B.F. Haley Rabbeting Plane
Rabbets or rebates are an integral part of cabinetmaking and
the other associated woodworking trades that create casework.
The ability to make a slot with uniform depth and width in the
middle or on the edge of a workpiece is a very important skill.
Numerous versions of this type of tool have been used for more
than 400 years. Methods used could be something as simple as
a chisel or cutter fixed in a block, a wood or metal plane with
scoring irons and a depth stop, or a different version of the
tool with an adjustable fixed-width blade, as shown. Typically,
in the modern shop, this type of work is done with an electric
router or perhaps on a table saw with a special set of blades.
B.F. Haley, of West Palm Beach, Florida, with his patent of
May 5, 1925 (#1,536,096), claimed to have invented certain new
and useful improvements to the rabbeting plane. A close read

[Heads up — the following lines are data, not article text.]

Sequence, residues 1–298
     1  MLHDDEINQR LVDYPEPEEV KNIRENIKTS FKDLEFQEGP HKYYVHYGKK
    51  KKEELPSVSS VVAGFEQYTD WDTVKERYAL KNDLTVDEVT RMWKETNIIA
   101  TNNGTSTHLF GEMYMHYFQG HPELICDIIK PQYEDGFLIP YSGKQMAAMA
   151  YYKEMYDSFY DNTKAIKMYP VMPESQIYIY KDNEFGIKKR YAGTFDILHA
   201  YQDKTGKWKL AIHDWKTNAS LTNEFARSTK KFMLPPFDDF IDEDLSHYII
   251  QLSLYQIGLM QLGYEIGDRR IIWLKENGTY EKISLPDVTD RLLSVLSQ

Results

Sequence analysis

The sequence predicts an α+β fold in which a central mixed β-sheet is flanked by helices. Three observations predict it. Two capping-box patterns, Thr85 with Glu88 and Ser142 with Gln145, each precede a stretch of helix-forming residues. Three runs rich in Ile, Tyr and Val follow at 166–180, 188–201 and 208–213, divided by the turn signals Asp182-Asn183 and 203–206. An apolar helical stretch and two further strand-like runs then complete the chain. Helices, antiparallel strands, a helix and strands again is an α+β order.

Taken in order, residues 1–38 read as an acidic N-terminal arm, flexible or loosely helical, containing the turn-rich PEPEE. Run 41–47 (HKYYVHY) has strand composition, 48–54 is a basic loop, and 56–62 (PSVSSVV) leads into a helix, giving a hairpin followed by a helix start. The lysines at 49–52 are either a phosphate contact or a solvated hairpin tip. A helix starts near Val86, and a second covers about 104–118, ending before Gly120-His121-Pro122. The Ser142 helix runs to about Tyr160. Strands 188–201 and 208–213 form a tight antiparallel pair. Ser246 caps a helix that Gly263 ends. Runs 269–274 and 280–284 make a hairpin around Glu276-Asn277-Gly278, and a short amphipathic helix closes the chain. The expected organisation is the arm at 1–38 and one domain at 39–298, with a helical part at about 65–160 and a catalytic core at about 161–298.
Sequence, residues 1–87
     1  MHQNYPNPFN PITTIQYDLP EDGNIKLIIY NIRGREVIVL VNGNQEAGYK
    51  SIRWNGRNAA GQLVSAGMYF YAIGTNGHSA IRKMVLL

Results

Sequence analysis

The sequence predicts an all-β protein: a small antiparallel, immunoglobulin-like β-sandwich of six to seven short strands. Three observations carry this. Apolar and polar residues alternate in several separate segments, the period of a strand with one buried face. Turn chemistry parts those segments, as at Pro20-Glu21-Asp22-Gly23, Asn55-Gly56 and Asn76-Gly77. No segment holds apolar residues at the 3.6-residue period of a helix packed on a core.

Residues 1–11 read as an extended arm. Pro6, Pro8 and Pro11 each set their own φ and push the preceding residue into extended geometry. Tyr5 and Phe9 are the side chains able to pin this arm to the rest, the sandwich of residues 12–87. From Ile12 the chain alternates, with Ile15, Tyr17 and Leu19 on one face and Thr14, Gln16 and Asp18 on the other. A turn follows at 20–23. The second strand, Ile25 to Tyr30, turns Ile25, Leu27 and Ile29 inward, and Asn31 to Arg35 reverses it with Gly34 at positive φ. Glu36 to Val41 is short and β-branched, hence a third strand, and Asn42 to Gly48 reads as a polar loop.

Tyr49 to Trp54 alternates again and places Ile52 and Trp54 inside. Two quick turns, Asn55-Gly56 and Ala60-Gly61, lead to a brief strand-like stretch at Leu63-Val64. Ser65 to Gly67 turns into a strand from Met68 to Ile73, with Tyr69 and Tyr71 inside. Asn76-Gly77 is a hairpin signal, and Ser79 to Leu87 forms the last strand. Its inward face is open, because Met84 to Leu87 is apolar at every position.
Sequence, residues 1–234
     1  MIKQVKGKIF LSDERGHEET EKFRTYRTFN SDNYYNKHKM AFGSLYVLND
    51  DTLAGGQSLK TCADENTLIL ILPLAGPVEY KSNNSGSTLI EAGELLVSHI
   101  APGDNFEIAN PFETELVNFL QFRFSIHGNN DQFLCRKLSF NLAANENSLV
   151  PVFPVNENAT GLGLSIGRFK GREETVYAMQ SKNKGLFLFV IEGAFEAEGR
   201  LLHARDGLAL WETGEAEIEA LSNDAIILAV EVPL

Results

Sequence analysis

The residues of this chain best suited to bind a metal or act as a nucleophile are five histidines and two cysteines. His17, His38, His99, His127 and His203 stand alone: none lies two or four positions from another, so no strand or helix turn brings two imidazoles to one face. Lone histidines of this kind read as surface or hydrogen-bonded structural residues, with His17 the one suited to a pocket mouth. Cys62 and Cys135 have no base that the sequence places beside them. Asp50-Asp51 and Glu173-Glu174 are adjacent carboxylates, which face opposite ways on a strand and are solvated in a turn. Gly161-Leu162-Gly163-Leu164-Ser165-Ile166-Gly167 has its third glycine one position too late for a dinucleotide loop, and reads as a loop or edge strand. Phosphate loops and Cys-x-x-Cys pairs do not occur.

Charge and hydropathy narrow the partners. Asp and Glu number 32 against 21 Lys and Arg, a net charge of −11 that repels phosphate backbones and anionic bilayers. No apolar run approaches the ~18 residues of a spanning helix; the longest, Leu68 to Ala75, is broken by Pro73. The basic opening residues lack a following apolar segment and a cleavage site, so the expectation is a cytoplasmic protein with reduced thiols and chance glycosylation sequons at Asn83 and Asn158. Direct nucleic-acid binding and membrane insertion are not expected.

of the patent specifications shows that his provable claims
were based on a small outrigger part that allowed the blade
mechanism to be moved outside the body. It is not clear if the
intent was to use the side of the main body as a registration
point for cutting longitudinal slots. Sliding the collar up
reveals a through hole, as per the patent specifications, for
the extra bar to extend the cutter outboard of the main body.
The small hole in the base is perhaps for a registration pin
to locate the extra bar. This piece was not included when this
tool was obtained for the Lee Valley collection, and remains
|Through hole to attach the outboard cutter.
much discussion in the papers describes a V-shaped groove for
the cutter, this feature had already been used by Stanley in
its popular 71 and 71-1/2 routers, with that same basic blade-holding
concept patented in 1884. No mention is made in the patent claim
of the material used to manufacture the router.